IndieCade 2016: VR Lineup

While Sony’s pavilion dominated the festival, there was plenty more going on at IndieCade than just PS4 demos. Several areas exhibited virtual reality games on various platforms, from the Oculus Rift and HTC Vive at the VR Selects and Festival Nominees sections, to the brand new PS VR in a room adjacent to Sony’s own display. Here are a few of the titles that generated the largest crowds.

indiecade daydream blue

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DAYDREAM BLUE

At this point, VR is arguably the least accessible form of entertainment outside of a Koch Brother’s poor people murder ranch. With any luck, mobile game DAYDREAM BLUE might chip away at this barrier for entry. Designed for use with the Samsung Gear VR, you hang out at a lakeside camp with your robot companion. It’s essentially a toy box world, low-poly graphics and atmospheric music bringing to mind other objective-ess games like MINECRAFT. Here, the bulk of gameplay surrounds little survivalist-but-not-really minigames like fishing, or the more abstract, like golf along the silhouette of a mountain ridge. Those latter elements are definitely the more intriguing parts of the game, which overall aspires to the comfort of a momentary daydream. It almost succeeds, held back by a hit-or-miss art style and some intrusive textual elements. If DAYDREAM BLUE can better synthesize its atmosphere with its gameplay, it’ll certainly be a trip worth taking. [Jimmy]

indiecade xing

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XING: THE LAND BEYOND

The Sony rep at the PS VR section of IndieCade mentioned that he was very excited for this particular game to come out, and after roughly three years of development, I can start to understand why. XING: THE LAND BEYOND puts out very strong MYST vibes: The player arrives on a deserted island and solves puzzles to advance deeper into the island and learn the story of one of the former inhabitants. Most of the puzzles were fairly simple (“hit that switch” or “put a coconut in this thing”) and made use of PlayStation’s motion controls, which are a bit clunkier than the Dualshock, but are still intuitive enough to make basic interactions fun. In XING, there are two main modes of transport: point-and-click teleportation or a traditional, manual free-roam option. The demo used the teleport method by default, which gave it more of a MYST sensation, but with some pressing I was allowed to experience free-roam as well. Free-roaming needs some ironing out, as it does induce motion sickness in those susceptible, but other than that I’d consider XING a solid VR experience. The puzzles and world are just intriguing enough to get wrapped up in, making this a great starter title for the PS VR. [Steven]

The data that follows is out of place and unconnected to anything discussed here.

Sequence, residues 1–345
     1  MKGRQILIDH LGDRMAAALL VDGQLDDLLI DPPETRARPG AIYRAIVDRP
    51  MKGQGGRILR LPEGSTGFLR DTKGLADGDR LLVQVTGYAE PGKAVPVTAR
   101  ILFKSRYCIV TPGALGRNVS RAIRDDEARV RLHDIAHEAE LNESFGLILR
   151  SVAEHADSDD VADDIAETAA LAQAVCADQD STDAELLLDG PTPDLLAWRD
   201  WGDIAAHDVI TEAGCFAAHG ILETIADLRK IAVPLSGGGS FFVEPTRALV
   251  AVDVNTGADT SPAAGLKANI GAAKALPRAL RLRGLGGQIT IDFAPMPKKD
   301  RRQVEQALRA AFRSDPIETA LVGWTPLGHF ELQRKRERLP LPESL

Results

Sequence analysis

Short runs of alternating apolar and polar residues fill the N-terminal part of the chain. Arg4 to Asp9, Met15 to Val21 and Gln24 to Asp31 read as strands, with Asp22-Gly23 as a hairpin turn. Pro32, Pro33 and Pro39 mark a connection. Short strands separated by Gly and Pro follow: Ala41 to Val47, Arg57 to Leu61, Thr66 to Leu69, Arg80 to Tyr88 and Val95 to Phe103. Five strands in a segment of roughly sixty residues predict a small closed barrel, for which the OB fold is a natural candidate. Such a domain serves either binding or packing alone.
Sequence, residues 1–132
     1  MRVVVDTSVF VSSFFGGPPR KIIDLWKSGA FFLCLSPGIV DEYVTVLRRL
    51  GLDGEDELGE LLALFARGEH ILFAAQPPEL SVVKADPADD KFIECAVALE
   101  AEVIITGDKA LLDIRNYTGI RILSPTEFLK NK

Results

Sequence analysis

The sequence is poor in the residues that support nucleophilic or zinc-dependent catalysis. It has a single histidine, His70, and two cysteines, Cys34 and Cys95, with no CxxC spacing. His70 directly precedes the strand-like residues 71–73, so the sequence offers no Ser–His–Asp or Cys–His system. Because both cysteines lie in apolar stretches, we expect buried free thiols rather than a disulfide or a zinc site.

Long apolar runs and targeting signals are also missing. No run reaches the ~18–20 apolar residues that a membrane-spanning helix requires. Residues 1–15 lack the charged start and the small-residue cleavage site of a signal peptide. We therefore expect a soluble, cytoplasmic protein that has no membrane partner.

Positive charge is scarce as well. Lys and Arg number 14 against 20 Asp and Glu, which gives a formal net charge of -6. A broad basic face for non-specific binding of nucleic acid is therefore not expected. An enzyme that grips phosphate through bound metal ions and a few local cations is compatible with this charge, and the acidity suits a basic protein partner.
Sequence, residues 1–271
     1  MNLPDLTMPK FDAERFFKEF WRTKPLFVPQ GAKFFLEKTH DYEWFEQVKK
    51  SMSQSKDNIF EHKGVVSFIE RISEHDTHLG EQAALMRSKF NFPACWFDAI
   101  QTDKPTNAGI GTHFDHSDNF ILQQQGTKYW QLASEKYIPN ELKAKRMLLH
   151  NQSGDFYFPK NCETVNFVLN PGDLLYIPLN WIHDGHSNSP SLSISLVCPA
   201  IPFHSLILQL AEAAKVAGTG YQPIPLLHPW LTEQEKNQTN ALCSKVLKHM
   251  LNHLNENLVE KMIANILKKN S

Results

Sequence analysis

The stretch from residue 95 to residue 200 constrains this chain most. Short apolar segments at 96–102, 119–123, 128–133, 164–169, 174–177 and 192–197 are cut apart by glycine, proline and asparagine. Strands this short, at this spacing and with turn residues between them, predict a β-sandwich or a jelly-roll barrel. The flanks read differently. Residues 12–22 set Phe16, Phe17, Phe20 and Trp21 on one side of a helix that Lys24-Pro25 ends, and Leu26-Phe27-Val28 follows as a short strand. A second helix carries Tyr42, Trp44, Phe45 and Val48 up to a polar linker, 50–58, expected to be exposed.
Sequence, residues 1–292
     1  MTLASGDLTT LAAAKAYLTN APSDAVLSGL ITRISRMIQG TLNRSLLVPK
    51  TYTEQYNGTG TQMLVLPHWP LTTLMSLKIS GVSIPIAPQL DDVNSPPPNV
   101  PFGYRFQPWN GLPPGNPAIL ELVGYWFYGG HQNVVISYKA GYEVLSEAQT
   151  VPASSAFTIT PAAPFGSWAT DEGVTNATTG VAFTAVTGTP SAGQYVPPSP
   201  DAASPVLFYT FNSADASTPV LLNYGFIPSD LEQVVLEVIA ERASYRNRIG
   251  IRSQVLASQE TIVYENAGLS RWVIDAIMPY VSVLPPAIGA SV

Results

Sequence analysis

indiecade mare

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MARE

From a screenshot, MARE looks like a straightforward 3D platformer (or exactly like forthcoming PlayStation game THE LAST GUARDIAN). Developer Visiontrick Media describes it as an “exploratory and sensory adventure,” and I find that apt. From a gameplay standpoint, you control a mechanical bird with your gaze, a little girl following you in turn. The puzzles center on how you encourage the girl to navigate the space. In a sense, you guide two characters. It seems complicated, but the triumph of MARE is how intuitive it feels without any tutorials or dialogue. While I didn’t play quite long enough to get a full grasp of the narrative, the bond between the bird and the girl is immediate and intense. This, and the sense of quiet wonder you feel drifting through the earthen, Escher-esque ruins ensure that even if the game somehow doesn’t kill off the nice steampunk bird at the climax, MARE is an affecting story, and a game to look out for. [Jimmy]

indiecade psychonauts

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PSYCHONAUTS: IN THE RHOMBUS OF RUIN

Now widely-considered a classic, fans of PSYCHONAUTS lost their minds at the news that the long-awaited sequel was finally being developed. After many years of waiting, said fans finally got their hands on PSYCHONAUTS: IN THE RHOMBUS OF RUIN, with the demo available at IndieCade’s PS VR booth. The demo was really more of an introduction to the controls in the game, but it brings up the unsettling implication that the entire game will be played from a stationary perspective; “moving” happens by using clairvoyance to hop into the minds of others. While this fits the themes and subject matter of the first game, it completely ignores said game’s platforming roots. While several other abilities were available to solve physics-based puzzles, none were any better at being, well, PSYCHONAUTS. This is an ominous first look, but knowing the power of their original, I’d still pay attention to news of RHOMBUS for further updates. [Steven]

indiecade kismet

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KISMET

KISMET felt more like a sideshow than an actual game, which is fitting, because it takes place in the wagon of the eponymous masked fortune teller. The demo lasted about 15 minutes and allowed players who believe in that sort of thing to get a glimpse into the future. KISMET offers a tarot card reading, a horoscope, and a chance to play an ancient Babylonian board game known as “The Royal Game of Ur.” KISMET was showcased on an Oculus Rift and has a few neat tricks up its sleeve, such as being able to hear the animations of the tarot cards when one gets close to them. It’s nifty to say the least, but offers very little utility outside of demonstrating the capabilities of VR. [Steven]

Crossfader Staff

The good people of Crossfader Magazine.

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